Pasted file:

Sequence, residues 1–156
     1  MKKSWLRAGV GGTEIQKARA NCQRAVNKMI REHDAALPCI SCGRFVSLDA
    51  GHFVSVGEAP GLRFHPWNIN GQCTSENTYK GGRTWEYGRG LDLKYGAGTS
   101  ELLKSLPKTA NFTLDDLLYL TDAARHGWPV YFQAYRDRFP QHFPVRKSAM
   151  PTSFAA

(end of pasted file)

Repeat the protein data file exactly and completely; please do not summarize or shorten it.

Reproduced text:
Sequence, residues 1–156
     1  MKKSWLRAGV GGTEIQKARA NCQRAVNKMI REHDAALPCI SCGRFVSLDA
    51  GHFVSVGEAP GLRFHPWNIN GQCTSENTYK GGRTWEYGRG LDLKYGAGTS
   101  ELLKSLPKTA NFTLDDLLYL TDAARHGWPV YFQAYRDRFP QHFPVRKSAM
   151  PTSFAA